The Rev Hugh Dawes obituary

<span>Hugh Dawes abhorred the tendency of clergy to talk down to their congregations</span><span>Photograph: none</span>
Hugh Dawes abhorred the tendency of clergy to talk down to their congregationsPhotograph: none

My husband, Hugh Dawes, who has died aged 75 of pneumonia and dementia with Lewy bodies, was a radical priest in the Church of England. A lifelong member of the Labour party, in 2002 he stood as a councillor in Village ward, in the London borough of Southwark.

In 1987 he was appointed vicar of St James’s church in Cambridge and director of the Focus Christian Institute. He believed strongly in opportunities for a wider theological education among the laity, and abhorred the tendency of clergy to talk down to their congregations.

In 1992, Hugh published Freeing the Faith: A Credible Christianity for Today, an essay in liberal understanding, advocating change to set faith free from tyrannical tradition and be relevant in today’s world. He was savagely attacked in the press by traditionalists, who called on him publicly to resign his orders. The Independent carried the story of the “atheist priest”.

He braved the storm and proclaimed himself a catholic modernist priest, with no intention of resigning. He was a prophetic voice, often crying in the wilderness.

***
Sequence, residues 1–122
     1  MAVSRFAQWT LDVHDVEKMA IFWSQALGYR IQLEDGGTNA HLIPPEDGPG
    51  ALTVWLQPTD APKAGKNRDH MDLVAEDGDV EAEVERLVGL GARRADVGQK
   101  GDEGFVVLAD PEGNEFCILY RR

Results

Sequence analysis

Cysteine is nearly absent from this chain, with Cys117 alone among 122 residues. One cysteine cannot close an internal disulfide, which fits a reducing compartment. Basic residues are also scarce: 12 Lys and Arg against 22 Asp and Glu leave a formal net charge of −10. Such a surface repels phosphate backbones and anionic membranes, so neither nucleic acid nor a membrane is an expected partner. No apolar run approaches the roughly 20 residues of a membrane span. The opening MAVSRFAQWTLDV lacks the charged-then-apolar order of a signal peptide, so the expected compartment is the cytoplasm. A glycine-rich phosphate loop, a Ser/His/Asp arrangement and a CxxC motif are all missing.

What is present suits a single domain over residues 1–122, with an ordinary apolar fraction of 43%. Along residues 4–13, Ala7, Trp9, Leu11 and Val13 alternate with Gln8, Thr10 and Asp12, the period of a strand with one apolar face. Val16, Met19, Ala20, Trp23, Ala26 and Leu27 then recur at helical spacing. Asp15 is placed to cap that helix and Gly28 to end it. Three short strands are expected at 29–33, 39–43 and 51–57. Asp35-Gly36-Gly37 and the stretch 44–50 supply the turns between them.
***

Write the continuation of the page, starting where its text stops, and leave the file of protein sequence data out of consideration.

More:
Hugh and I met in 2000 when he became vicar at St Faith’s, north Dulwich, in south London, where I was a member of the congregation. We were married in 2004. Gifted in making eucharistic worship contextual and inspiring, he enabled people to express doubts and ask questions, never giving easy answers.

In 2003, Hugh, having been involved in an American progressive Christian organisation, set up Progressive Christianity Network Britain, which quickly focused on honest theological talk between laity and clergy.

Born in London, to Iris (nee Wynn), a teacher, and William Dawes, a business manager, Hugh grew up in Brighton, attending Brighton and Hove grammar school. He studied history at University College, Oxford. After ordination he was appointed chaplain of Gonville and Caius College and then Emmanuel College, Cambridge, from 1982, when Don Cupitt as dean was filming the television series The Sea of Faith. Don became a major influence and a friend.

Developing early signs of a Parkinsonism, Hugh continued liturgical ministry in the Guildford diocese from 2011 to 2018. He participated in eucharistic worship until his death.

After his early retirement on health grounds in 2010, Hugh and I moved to Haslemere in Surrey, where he was proud to be one of the relatively few Guardian readers.

Hugh is survived by me, my sons, Matthew, Andrew and Rowan, grandchildren, Freddie, Stanley, Barnaby and Lyra, and his brother, Malcolm.